Good luck with the treatment David. I would avoid the papers for a bit if I was you!

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  • 'Twould be ideal if no abortions were necessary.
    'Twoud be ideal if any that were, could be done before 8-10 weeks.
    Contrary to David, I do feel a cooling off period is good : Many women do re-think things once the pressure to get refferred is taken off.
    We have a local cooling off period anyway, imposed by administrative and organisational factors! but not so long as 10 days- that is too long.
    I don't know Nadine Dorries, but the fact she will initiate discussion of these matters might be a good thing. once discussion started, things could go either way, depending on other MPs representation of their constituents views!

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  • I don't think that Nadine's views on abortion are unreasonable at all. 23 week old babies can survive with medical help when they are wanted. Great efforts are made to keep them as healthy as possible. It seems unreasonable to me to be killing babies of this age for reasons of societal expediency. Some degree of cool off period is also helpful so that the decision is not later regretted. Between seeing a GP and the deed being done is usually longer than ten days unless the private sector is much more efficient. Like it or not there are two (or more) human lives to consider when it comes to induced abortion. Women do have control over their own bodies. They can usually choose whether or not to use contraception, whether or not to have sex, whether or not to have sex with a man, and whether or not he is required to use a condom, and whether or not they will do a pregnancy test, whether or not they will attend a chemist for the morning after pill, and whether or not they will see a GP. By the time a late abortion is being considered, apart from foetal abnormality which can't always be diagnosed in the first trimester, the woman has usually had a whole series of choices over what to do with her own body.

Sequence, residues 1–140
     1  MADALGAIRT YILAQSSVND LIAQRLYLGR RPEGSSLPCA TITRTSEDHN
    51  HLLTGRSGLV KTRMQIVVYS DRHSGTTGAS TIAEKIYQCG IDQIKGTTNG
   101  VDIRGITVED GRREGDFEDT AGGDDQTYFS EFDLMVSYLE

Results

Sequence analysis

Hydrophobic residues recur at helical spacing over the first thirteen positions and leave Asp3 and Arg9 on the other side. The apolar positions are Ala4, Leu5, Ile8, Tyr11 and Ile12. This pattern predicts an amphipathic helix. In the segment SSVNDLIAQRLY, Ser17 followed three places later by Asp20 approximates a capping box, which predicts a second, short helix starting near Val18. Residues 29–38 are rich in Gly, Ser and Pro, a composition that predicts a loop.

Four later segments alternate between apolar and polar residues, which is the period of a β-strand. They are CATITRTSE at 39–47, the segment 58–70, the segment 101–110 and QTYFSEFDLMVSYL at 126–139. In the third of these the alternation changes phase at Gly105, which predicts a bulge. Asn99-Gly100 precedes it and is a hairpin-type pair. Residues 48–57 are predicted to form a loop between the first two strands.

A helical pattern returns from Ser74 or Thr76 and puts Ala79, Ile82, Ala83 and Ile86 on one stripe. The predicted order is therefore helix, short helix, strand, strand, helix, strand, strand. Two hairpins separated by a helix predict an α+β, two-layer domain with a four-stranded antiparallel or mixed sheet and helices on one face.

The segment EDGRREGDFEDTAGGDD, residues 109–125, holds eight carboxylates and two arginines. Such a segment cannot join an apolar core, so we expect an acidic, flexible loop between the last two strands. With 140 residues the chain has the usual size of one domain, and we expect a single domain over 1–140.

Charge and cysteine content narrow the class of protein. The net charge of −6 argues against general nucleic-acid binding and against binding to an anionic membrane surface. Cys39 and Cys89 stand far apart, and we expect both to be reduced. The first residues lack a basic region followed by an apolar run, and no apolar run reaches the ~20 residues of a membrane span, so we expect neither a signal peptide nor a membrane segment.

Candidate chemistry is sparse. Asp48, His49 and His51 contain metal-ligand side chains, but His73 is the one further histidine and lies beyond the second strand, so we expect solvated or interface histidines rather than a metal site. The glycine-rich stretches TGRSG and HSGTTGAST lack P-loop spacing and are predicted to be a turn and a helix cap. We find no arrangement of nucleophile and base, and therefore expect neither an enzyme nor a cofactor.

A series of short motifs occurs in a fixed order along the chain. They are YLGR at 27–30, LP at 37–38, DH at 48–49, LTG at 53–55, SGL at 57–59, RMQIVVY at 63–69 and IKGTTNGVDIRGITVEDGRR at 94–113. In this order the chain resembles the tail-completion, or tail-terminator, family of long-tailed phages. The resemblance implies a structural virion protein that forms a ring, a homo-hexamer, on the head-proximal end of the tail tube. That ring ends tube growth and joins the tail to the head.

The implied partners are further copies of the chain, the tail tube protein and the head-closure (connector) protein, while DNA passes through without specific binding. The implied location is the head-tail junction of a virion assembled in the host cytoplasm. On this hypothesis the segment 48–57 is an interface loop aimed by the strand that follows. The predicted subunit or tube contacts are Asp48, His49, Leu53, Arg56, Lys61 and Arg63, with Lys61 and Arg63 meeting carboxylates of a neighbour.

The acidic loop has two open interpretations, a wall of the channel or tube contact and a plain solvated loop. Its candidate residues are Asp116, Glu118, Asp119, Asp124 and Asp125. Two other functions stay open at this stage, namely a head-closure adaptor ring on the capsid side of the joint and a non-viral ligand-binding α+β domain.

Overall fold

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  • abortion on demand is hardly civilized

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  • Lol just when I thought you were turning to conservatism...

    Katharine's thoughts are right. Nadine simply suggesting methods to reduce terminating mid term pregnancies are just that, things that can be discussed.

    We have sex education in school. And even LGBTQ classes in primary school in some places apparently -

    And you're kicking up a fuss about abstinence class for 13-16yr olds?

    I'm also perfectly fine about women's right to have abortions. Until I'm forced to subsidise it.